This week’s book is a collection of essays by Maggie O’Farrell. William Zinsser, in On Writing Well, says that a writer must “develop a respect for words and a curiosity about their shades of meaning that is almost obsessive. The English language is rich in strong and supple words. Take the time to root around and find the ones you want.”
If Zinsser were alive he might read Maggie O’Farrell’s I Am, I Am, I Am: Seventeen Brushes with Death and say, “Like this. Exactly like this.” Here are two examples from O’Farrell’s essays that I particularly like–
In “Whole Body,” O’Farrell writes about a flight she took from (presumably) England to Hong Kong and the clarity one can find at 30,000 feet.
“You may find, sliding into your mind, answers to questions that have long eluded you. As you gaze out at the illusory landscape of alto-stratus mountains, you may catch yourself thinking: ah of course, I hadn’t realised that before.”
“The illusory landscape of alto-stratus mountains.” I like this so much. But it took me three reads and a dictionary to fully understand it! Why is it illusory, I wondered, and what is “alto-stratus?” The answer to my second question answered the first. The dictionary informed me that alto-stratus means a middle altitude cloud. The mountains the narrator describes aren’t mountains at all — they’re clouds, thus rendering the “land”scape illusory.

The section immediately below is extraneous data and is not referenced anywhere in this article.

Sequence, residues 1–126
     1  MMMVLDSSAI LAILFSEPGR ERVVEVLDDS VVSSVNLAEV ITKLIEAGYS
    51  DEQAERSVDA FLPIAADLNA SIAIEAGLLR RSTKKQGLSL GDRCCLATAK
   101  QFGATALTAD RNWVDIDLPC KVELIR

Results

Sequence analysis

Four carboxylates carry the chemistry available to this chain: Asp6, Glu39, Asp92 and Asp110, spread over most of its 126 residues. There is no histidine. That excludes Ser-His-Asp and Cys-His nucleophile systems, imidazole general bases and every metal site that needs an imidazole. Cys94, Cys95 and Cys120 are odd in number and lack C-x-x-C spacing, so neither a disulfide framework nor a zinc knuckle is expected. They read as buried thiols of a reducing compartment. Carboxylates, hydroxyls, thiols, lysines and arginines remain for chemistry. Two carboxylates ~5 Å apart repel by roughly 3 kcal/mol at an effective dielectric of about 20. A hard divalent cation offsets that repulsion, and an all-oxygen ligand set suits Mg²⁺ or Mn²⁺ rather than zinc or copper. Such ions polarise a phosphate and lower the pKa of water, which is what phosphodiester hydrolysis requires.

Later in the same essay, after a significant life disappointment, the narrator describes a lucidity that is often lent only through hindsight.
“…in a few years more, it will seem to me that it was a merciful escape. That my guardian angel, glancing down from her cloud and seeing me cycle to my exams, perceived what might happen and let slip a celestial spanner that well and truly jammed my works.”
Again, a trip to the dictionary. Spanner is another word for ”wrench.” So O’Farrell could have said “An angel looked down and threw a wrench in my spokes.” But “let slip a celestial spanner” is so much softer and more alliterative and the rest of the sentence flows so well because O’Farrell took her time rooting around to find the words that work.
Every essay in the book is delightful in this way and I immediately went in search of her other works — I read two of her novels and some other essays, which I also recommend. If you decide to read this one, or any of her others, hit me up and let me know which sentences you especially enjoyed. Don’t leave a gal to swoon all by herself!